Forced labour in the car industry in Xinjiang and death at sea

The number of murders – and deaths in general on the seas and oceans, also resulting from negligence and accidents – is very difficult to estimate. Around 32,000 casualties per year are typically reported, making commercial fishing one of the most dangerous professions in the world. However, according to a recent study by the FISH Safety Foundation, this amounts to more than 100,000 deaths in the fishing industry per year, or more than 300 deaths per day. Flawed laws and the resulting impunity for perpetrators, as well as brutality and forced labour on the vessels of the deep-sea fleet, are common causes of tragedy.

A report by experts from, among other institutions, Sheffield Hallam University, on the global automotive industry highlights its extensive links with China’s Xinjiang Autonomous Region, where goods are produced using forced labour by Uyghurs and other ethnic minorities. Mention is made, for example, of the steel-producing company China Baowu Steel Group Corp., Ltd. This is one of the large suppliers to the automotive industry, which is involved in the Chinese government’s policy towards Uyghurs in Xinjiang.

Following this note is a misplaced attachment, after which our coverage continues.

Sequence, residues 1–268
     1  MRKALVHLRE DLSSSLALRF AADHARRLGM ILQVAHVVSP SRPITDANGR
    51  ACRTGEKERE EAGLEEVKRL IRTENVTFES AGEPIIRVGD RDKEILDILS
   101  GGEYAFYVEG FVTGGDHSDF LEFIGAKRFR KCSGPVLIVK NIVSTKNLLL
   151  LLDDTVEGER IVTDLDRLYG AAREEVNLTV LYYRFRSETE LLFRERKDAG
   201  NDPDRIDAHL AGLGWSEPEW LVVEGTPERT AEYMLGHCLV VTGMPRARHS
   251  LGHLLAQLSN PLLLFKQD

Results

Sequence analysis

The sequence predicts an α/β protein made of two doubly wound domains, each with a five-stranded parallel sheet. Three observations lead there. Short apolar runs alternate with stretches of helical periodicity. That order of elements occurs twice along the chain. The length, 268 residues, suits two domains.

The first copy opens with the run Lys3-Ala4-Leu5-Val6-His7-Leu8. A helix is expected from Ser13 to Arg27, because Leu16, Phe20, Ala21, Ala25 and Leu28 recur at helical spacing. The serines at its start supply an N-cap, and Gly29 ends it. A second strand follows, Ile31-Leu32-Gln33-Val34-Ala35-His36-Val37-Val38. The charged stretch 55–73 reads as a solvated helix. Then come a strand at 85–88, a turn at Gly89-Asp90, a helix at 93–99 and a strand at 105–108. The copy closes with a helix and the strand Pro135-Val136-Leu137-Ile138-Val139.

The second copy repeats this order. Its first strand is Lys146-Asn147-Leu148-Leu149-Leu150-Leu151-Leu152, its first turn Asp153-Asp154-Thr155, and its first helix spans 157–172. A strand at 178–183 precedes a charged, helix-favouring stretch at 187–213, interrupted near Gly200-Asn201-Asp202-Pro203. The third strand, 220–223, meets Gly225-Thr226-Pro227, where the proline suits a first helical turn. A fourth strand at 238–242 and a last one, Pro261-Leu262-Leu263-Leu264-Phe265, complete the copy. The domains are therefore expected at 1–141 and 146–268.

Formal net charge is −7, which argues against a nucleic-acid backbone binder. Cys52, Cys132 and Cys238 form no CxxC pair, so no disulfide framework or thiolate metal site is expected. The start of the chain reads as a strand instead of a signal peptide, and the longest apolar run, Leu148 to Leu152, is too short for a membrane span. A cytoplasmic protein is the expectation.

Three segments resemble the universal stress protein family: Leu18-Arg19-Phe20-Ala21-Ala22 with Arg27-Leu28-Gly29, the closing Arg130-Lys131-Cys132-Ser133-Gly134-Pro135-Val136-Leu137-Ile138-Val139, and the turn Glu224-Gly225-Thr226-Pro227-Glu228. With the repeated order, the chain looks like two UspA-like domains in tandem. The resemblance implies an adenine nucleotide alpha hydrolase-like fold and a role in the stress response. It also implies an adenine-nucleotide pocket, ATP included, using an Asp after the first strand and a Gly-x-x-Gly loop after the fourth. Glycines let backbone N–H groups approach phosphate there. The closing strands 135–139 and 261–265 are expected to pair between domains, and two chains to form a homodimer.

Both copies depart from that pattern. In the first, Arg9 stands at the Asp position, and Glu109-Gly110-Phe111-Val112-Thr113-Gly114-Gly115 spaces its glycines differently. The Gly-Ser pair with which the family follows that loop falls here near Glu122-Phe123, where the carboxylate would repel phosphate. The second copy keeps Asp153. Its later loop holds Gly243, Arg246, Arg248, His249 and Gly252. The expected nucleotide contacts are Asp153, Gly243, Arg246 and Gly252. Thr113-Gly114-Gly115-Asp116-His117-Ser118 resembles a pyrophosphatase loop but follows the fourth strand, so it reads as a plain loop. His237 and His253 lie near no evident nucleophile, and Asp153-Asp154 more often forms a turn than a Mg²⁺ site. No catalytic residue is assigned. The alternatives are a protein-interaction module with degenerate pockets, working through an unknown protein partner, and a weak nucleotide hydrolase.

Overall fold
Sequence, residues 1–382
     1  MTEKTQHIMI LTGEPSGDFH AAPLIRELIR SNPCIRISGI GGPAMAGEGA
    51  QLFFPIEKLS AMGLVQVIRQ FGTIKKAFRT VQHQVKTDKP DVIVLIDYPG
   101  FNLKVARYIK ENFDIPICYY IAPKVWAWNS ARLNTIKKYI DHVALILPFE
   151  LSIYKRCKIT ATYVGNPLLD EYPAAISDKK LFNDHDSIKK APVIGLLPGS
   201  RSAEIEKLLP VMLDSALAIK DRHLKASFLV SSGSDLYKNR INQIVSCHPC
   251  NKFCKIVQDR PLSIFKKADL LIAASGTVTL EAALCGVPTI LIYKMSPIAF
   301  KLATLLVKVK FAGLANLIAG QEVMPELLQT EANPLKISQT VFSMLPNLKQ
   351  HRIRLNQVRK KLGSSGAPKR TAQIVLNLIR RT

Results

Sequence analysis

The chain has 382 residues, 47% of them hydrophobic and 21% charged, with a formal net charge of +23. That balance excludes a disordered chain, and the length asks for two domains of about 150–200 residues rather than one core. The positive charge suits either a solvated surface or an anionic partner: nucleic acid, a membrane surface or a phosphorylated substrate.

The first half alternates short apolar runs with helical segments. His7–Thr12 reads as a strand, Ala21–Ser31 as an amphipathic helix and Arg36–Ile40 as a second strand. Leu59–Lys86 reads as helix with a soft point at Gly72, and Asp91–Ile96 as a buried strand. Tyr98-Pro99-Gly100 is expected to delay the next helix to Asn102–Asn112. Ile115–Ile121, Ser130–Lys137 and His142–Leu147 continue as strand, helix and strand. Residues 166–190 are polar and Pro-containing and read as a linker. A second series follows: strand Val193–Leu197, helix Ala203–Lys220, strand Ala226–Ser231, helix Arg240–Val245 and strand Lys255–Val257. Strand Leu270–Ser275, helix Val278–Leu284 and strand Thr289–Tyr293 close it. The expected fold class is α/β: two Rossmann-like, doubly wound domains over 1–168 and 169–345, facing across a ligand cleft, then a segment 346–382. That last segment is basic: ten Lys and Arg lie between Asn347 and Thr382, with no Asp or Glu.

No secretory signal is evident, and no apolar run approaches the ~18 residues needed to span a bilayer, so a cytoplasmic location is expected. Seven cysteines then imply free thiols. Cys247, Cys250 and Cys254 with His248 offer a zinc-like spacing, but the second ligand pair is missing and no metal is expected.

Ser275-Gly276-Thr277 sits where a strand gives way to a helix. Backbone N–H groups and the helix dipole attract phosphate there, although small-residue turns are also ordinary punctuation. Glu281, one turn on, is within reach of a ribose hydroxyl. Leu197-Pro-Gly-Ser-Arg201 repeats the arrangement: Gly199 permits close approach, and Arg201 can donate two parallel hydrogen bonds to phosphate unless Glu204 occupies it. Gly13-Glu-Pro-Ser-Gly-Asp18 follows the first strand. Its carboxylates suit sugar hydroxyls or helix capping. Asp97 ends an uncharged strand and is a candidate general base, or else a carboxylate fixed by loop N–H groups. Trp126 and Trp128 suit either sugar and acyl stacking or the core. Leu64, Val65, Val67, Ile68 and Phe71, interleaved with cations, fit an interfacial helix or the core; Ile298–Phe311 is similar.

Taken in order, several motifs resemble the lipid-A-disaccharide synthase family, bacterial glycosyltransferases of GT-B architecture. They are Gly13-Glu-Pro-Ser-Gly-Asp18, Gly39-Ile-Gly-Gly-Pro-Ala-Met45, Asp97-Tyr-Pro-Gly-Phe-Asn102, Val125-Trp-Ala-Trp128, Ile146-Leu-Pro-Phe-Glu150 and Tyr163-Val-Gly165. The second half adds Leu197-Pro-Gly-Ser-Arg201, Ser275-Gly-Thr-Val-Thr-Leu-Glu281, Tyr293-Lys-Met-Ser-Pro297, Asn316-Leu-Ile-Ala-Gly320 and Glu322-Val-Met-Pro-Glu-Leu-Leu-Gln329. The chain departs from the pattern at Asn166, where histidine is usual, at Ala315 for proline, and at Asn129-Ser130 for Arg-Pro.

Metal parts, batteries, wiring and wheels, for example, are sourced from factories in Xinjiang, and Chinese companies operating there participate in the global automotive parts supply chain. This increases the likelihood that their services can be used by manufacturers such as Volkswagen Group, Honda Motor Co. Ltd, Ford Motor Company, General Motors Company, Mercedes-Benz Group, Toyota Motor Corporation and Tesla, Inc.

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